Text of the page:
An earlier contributor mentioned Pilgrimage.
This is such a common feature in so many ancient societies and several
modern ones, that it would be surprising if it was not relevant to
high-status sites like Stonehenge. In some societies, pilgrims were allowed
to cross hostile borders, and wars were suspended for major pilgrim
festivals. Joint custody of pilgrim shrines was a major way of of
organising society above the single-settlement level (think 'amphictiony' in
classical Greece), and disputes about pilgrimage could have interesting
results (eg the Crusades).
The difficulty of the journey is part of the point of a pilgrimage, and you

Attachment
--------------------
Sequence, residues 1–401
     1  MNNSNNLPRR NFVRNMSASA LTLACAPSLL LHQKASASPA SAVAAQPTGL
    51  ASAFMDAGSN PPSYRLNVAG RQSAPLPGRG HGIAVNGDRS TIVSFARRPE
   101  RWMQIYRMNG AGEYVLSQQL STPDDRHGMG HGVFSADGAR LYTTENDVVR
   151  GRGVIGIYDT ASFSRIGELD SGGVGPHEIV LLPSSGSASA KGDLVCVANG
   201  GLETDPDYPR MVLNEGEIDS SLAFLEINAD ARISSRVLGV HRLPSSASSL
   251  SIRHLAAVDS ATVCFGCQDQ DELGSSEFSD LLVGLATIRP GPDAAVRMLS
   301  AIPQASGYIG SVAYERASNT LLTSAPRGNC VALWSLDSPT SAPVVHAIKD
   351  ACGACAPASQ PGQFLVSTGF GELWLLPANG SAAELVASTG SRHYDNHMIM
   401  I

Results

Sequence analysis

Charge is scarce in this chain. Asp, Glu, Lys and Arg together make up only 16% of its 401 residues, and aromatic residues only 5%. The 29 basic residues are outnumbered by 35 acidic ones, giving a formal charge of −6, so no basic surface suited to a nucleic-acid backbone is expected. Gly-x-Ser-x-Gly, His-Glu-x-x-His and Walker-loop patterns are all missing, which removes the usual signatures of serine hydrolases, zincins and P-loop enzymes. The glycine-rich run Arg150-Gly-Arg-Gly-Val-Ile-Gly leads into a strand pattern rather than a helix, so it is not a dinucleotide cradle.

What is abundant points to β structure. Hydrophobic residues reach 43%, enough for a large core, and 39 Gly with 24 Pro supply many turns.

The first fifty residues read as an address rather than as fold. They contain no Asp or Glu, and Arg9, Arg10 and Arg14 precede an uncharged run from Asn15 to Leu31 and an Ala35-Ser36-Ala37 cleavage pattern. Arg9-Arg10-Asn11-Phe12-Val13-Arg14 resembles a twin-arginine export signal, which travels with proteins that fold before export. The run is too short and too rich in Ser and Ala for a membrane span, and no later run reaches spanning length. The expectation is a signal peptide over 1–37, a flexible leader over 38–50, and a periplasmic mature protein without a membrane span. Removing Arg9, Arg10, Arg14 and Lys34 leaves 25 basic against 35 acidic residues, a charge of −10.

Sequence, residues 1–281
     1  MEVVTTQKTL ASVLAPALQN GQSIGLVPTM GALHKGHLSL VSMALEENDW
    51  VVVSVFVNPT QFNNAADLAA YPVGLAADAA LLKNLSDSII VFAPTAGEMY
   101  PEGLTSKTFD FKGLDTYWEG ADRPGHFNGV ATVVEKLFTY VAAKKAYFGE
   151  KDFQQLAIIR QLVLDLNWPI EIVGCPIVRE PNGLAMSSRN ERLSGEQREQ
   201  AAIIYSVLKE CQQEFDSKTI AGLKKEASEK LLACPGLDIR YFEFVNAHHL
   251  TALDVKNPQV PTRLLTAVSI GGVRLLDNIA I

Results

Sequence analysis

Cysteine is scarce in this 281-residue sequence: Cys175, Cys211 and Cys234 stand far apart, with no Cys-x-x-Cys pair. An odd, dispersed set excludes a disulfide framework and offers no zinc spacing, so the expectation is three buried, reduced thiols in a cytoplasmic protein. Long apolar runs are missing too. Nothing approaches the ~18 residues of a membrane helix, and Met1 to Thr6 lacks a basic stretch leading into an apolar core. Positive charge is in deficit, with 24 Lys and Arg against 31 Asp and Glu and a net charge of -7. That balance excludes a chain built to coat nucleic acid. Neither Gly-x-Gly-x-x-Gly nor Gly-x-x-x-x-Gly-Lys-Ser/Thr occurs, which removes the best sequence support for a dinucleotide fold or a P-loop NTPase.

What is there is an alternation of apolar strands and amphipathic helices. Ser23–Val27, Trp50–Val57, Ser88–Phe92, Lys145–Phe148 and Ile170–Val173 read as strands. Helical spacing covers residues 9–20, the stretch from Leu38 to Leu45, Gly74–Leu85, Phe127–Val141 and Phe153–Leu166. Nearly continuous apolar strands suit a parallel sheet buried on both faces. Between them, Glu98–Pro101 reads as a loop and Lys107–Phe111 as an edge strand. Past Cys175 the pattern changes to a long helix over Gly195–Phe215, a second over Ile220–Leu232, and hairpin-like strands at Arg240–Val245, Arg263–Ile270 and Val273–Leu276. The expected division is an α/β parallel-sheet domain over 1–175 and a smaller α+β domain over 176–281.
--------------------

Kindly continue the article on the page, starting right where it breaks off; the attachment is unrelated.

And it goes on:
might do it only once in your lifetime, like the Haj today.
If there was some way of investigating this, we might learn all sorts of
interesting things about Neolithic society in Britain. I suppose the
isotope analysis of skeletons already mentioned is an obvious starting
If long distance travel becomes difficult and expensive again, perhaps
heritage tourism will become more like pilgrimage. I have only once been
inside the Dome of the Rock (as a little boy), and I don't suppose I shall
ever go there again; it's getting a bit too exciting there right now, and in
any case, I'm not sure if non-muslims are allowed in any more; but I'm glad
I had the chance to do it once.